Getting Started: Basics of Archival Research
The Society of American Archivists offers this overview on effective research in archives for those without prior archival research experience. This guide provides general information and is not specific to SIU's University Archives. You will find information on:
- How archives are different from libraries
- Policies and procedures to expect when researching with archival materials
- Resources on locating archival, manuscript, or special collections repositories
- Copyright and access restrictions commonly found in archives
- Planning a visit and visiting archival, manuscript, or special collections repositories
Primary vs. Secondary Sources
Primary sources are the building blocks of history. They are records created or recorded by individuals or organizations that provide first hand, contemporaneous accounts of an event or topic. Primary sources can also be eyewitness testimony, recollections recorded in an oral history, memoirs, and autobiographies.
Primary sources comprise the bulk of the material in the University Archives and includes, but not limited to:
- Records from numerous university departments and offices
- Official University publications such as the Board of Trustees annual reports, course catalogs (formerly called the Bulletin), various departmental reports, and the Obelisk yearbook
- Photograph collections documenting student life and organizations, faculty and staff, sports, campus buildings, and various campus events
- Faculty papers documenting faculty teaching, research, and service at Southern Illinois University Carbondale
- Architectural drawings or renderings of campus buildings
- Daily Egyptian newspapers
- Sound recordings such as oral histories and WSIU Radio broadcasts
- Motion picture film
Secondary sources are not created contemporaneously to an event or topic. They are created using primary sources and include resources such as textbooks, monographs, biographies, commentaries, reviews, and criticisms. The secondary sources found in University Archives include publications within faculty papers, histories on Southern Illinois University, and student dissertations, theses, and research papers.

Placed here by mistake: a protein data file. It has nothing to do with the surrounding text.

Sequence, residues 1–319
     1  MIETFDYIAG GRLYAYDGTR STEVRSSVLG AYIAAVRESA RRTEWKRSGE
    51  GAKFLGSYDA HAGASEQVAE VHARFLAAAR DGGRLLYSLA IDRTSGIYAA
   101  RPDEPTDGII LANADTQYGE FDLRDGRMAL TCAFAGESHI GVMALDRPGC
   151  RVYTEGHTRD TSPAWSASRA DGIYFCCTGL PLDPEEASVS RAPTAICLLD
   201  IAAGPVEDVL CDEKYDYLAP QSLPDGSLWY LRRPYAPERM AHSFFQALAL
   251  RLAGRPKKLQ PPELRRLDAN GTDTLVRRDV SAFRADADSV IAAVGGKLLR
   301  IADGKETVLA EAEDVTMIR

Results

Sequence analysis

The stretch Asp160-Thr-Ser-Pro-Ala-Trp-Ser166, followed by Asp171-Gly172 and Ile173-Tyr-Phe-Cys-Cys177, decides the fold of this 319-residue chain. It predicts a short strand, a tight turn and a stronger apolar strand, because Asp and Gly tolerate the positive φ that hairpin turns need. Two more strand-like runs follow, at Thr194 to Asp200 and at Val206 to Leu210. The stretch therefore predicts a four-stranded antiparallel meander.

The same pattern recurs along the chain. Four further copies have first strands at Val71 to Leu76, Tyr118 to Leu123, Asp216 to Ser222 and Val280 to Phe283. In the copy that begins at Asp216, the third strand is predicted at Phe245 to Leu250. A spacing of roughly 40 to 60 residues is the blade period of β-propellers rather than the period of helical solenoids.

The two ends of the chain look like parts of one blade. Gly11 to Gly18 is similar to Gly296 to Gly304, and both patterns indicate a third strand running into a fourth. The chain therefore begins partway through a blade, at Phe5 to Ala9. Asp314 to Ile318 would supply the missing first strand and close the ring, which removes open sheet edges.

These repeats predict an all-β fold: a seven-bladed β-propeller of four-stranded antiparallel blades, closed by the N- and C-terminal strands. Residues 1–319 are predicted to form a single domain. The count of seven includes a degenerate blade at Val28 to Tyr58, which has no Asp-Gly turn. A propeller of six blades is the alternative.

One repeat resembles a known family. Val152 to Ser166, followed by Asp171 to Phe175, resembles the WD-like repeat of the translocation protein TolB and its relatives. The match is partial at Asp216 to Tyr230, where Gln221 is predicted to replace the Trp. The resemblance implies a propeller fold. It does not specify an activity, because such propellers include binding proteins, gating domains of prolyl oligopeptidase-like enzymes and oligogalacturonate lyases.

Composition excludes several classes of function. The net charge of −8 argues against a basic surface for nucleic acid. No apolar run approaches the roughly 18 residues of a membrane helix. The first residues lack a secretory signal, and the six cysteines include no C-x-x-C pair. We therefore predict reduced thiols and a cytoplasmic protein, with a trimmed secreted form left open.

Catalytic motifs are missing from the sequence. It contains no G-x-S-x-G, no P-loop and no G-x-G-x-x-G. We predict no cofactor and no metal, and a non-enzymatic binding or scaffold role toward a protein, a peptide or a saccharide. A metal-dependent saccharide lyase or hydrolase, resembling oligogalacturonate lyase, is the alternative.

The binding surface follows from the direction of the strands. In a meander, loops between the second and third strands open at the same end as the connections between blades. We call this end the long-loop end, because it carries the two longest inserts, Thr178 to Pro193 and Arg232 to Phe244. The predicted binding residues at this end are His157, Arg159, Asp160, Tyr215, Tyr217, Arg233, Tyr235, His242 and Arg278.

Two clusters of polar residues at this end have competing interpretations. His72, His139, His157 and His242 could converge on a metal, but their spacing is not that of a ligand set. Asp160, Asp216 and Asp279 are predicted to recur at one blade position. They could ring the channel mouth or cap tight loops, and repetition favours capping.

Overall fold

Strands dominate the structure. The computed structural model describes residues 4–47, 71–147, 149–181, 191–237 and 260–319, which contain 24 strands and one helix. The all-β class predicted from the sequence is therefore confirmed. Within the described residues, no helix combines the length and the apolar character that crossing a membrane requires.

How to Read a Finding Aid
The catalog record for archival collections are called Finding Aids. These help researchers know what types of materials and topics can be found in a collection. Finding Aids can be confusing for first time users but the information below will help explain the most important parts. Below is a screen shot of our Archon database showing the basic parts of a typica finding aid.
Click on Creators and then the name link to learn more about the creator of a collection, in this case George E. Axtelle. Information about the creator of a collection provides contextual information about the "where" or "why" the records in the collection were created. Sometimes creator information can also be found in the Administrative/Biographical History.
The Scope and Content note is typically 1-3 paragraphs describing the collection itself including topics covered, date spans, record formats, subjects, and (sometimes) how the collection has been organized. Information on how the collection is organized can also be found by clicking the Arrangement link.
Some collections are organized into series while some simply have a box and folder container list. In this example, George E. Axtelle's collection is arranged into 4 series. A series is a grouping of records that share a common theme, which can be topical such as American Humanist Association, or can reflect a record format such as Correspondence or Publications.
By clicking on a series link you can see the details of what is in the collection presented in a list of boxes and folders. A series sometimes has its own scope and content note that further highlights various topics or aspects of its content. Clicking an individual series link will show the content of that series, but clicking Detailed Description will show the entire finding aid and all series at one time.